German police have issued an appeal for information after two valuable 17th Century paintings were discovered dumped in a road-side skip.
The oil paintings are believed to be by Dutch artist Samuel van Hoogstraten and Italian Pietro Bellotti, police said.
A man found the paintings at a motorway service station on the A7 south of Würzburg in Bavaria last month.
He handed them in to police in the city of Cologne. No one has yet claimed the artworks.
An initial assessment by an art expert concluded the two framed paintings were originals, police said.
One is a portrait of a boy wearing a red hat with an unknown date. Police say it was painted by Samuel van Hoogstraten, a painter and writer who lived in the Netherlands between 1627 and 1678.
The other is a smiling self-portrait by Pietro Bellotti, a lesser-known Italian painter who lived from 1625 to 1700.
Police in Cologne are appealing for anyone who recognises the artworks or who knows how they ended up in the skip to come forward.
Hoogstraten is best known for his experiments in perspective, an art technique that gives work a 3D look.
Born in Dordrecht, Hoogstraten studied under his compatriot, the famed Baroque painter Rembrandt, in the Dutch capital Amsterdam. His treatise, Introduction to the High School of the Art of Painting, published after his death, is regarded as a valuable insight into Rembrandt’s views on painting.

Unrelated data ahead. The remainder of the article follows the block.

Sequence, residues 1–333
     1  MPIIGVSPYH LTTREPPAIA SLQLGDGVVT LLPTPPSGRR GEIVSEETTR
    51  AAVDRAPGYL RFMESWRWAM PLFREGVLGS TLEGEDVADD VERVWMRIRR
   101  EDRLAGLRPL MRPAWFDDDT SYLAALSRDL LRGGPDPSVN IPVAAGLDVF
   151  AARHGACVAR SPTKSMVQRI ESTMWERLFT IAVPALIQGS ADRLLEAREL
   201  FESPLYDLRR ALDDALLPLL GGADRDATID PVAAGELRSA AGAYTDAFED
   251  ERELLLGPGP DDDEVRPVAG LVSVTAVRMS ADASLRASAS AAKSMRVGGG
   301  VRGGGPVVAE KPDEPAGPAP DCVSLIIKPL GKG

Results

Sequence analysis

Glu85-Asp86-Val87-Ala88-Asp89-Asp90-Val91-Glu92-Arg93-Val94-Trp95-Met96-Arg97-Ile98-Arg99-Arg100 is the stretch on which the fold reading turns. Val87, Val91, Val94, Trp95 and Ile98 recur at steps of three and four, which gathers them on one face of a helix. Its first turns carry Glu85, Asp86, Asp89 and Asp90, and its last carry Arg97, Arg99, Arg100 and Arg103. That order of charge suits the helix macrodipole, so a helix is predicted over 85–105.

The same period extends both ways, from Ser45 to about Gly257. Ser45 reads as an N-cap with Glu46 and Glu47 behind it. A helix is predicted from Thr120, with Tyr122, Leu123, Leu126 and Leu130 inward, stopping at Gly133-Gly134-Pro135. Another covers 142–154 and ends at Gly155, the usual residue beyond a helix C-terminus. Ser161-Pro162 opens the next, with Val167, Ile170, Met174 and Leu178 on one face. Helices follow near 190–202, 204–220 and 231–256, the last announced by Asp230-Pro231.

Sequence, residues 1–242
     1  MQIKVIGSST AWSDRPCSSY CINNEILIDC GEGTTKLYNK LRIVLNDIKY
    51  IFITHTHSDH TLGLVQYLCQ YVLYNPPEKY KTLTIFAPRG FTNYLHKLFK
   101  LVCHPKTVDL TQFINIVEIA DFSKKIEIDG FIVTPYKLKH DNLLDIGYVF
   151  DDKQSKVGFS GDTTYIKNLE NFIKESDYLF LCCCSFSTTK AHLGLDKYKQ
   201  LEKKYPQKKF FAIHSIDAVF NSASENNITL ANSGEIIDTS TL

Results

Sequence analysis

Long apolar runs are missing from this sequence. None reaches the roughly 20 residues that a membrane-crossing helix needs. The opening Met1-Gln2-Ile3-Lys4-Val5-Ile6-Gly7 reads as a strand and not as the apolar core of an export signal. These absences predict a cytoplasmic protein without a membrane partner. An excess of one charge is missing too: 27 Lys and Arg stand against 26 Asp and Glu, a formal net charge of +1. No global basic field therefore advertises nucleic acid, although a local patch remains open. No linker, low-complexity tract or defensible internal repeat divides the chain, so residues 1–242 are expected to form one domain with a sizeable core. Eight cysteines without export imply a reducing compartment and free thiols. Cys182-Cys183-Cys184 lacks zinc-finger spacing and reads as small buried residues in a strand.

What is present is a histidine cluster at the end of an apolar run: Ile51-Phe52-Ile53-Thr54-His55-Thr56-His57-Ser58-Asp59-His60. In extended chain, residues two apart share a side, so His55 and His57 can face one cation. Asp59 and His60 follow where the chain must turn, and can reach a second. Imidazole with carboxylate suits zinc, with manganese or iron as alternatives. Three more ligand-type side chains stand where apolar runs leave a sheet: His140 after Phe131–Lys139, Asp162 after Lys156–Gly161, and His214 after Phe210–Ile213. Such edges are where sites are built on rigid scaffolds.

Auction listings websites say Hoogstraten’s artworks have fetched large sums.
Dated to the 1600s, one Hoogstraten artwork of a shepherdess resting beneath a tree sold for £50,062 ($69,000; €58,000) at the Bonhams auction house in London in 2019.
Another, called La Crucifixion, was sold for £285,285 in 2018, according to the Lot Search website.
Bellotti also made his name as a painter in the Baroque period, though less is known about him.
He was given commissions and patronage by important families in Venice, Italy, allowing him to gain fame as a painter of portraits and heads of characters.
A biography by Switzerland’s Galleria Canesso says he was apprenticed to Italian painter Girolamo Forabosco in Venice, where he was “especially partial to portraiture, which he considered with humanity and naturalism”.
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